Repeaters vs Reporters: There's a difference - 03/10/14


    So many factors over the last decade have hastened the pace of news gathering and reporting and hence watered down what you read or see.   With 24 hour news cycles, instantaneous live shots, news via social media, online newspapers and cable news----   it's nearly impossible for many reporters to meet their numerous round the clock demands and still have time left over to 'investigate' possible wrongdoing or abuse of power.  Unfortunately, this has lead to more propagandists parading around as journalists.  They don't have the time or know how to perform the watchdog function of journalism because they've never been given the time to do so.  Therefore,  they take the easy way out and become repeaters as opposed to reporters.  They simply report and print what officials tell them.  They reflect the status quo and do nothing to effect change or right wrongs.  They, in essence, become an extension of the very government they're being paid to cover supposedly with impartiality. This is a disservice to all news consumers because you aren't getting the whole truth and that type of reporter is not fulfilling his or her true journalistic duty. 
     I think most journalists started out, as I did 22 years ago, with the altruistic responsibility to hold those in power accountable.  Taxpayers themselves are busy doing their own jobs and raising kids and they do not have time to pore through hundreds of documents looking for misuse of government funds or lax spending.   This is my job,an awesome responsibility, which I take very seriously.  Watchdog journalism is the backbone of my profession.  Investigative journalists serve as protectors of taxpayer money.  If you want to see anarchy, do away with The Fourth Estate.  Freedom of the press and our function as watchdogs helps keep abuse of power and reckless spending in check.  I'm thankful to work at a news organization, Fox 17, that still values this function of journalism and invests time in these reports that effect change. We call these reports Waste Watch at Fox 17.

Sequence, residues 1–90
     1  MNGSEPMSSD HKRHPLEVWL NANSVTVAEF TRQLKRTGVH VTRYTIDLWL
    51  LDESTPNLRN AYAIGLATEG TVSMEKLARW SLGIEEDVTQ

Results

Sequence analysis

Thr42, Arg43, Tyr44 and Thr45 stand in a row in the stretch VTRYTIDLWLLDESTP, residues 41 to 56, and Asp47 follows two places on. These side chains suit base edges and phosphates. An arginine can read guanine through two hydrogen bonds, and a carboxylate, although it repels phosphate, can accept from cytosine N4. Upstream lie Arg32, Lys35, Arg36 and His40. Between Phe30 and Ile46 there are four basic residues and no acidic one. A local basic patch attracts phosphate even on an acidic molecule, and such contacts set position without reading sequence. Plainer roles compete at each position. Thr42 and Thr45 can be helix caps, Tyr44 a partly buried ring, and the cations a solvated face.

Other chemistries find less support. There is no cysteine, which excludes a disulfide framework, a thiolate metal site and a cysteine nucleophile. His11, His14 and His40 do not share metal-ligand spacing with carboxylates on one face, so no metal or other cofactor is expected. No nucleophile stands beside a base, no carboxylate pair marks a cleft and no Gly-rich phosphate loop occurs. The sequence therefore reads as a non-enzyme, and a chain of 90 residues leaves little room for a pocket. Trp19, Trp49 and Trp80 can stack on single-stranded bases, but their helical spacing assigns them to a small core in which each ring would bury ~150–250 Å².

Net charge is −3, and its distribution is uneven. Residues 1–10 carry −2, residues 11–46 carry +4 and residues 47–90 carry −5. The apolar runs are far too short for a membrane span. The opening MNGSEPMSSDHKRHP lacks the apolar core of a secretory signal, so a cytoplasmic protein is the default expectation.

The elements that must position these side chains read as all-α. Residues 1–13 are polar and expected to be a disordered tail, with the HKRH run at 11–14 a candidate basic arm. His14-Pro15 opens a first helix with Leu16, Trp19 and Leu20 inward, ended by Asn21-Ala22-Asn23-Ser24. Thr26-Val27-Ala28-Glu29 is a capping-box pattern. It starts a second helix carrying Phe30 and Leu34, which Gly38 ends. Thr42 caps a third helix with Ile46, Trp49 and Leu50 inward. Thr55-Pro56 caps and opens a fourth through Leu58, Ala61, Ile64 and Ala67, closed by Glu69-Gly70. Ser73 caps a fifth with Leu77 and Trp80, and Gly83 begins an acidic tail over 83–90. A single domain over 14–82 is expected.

I'll end by saying, sometimes 'officials' who have not followed the rules as they should, will attempt to deflect their displeasure of being exposed.  This has happened  more recently in the case of Hendersonville where many bona fide news organizations have uncovered questionable spending habits and brought to light some troubling findings.  Fox 17 has aired several Waste Watch reports showing city officials using taxpayer funded credit ards to buy wardrobes and using state street aid meant for paving and fixing roads to buy SUV's used for personal use instead.   We, at Fox 17,put the information out there and let taxpayers draw their own conclusions.  So far, we haven't had one tax payer contact us upset that we're working as a watchdog for them.  However, we've had a few select city officials in Hendersonville who like to deflect the truth by attempting to place  blame back on reporters for what they call bad publicity.  They've blamed reporters because their annual audit was late getting to the state.  They say reporters were initiating too many Freedom Of Information Requests and this prevented them from completing the audit on time. There's just no logic there and any right minded taxpaying citizen can see straight through that--- it's deflection at its finest.  Now, they're somehow trying to say it's the reporters again who are hurting economic development and causing companies not to choose Hendersonville.  Reporters don't hurt a city.  Reporting on wrongdoing doesn't hurt a city.  The wrongdoing itself hurts a city.   EXPOSURE of misspending doesn't hurt any city.  The ACTUAL ACT of misspending is what hurts a city.  The cart comes before the horse.  There would be no exposure if there were no wrongdoing.  That's like a kid, who got into the cookie jar when he wasn't supposed to, blaming his mom for his own actions by saying,'It's my mom's fault because she bought the cookies.'   My mom always taught me if you mess up, you fess up.  That's still timely today.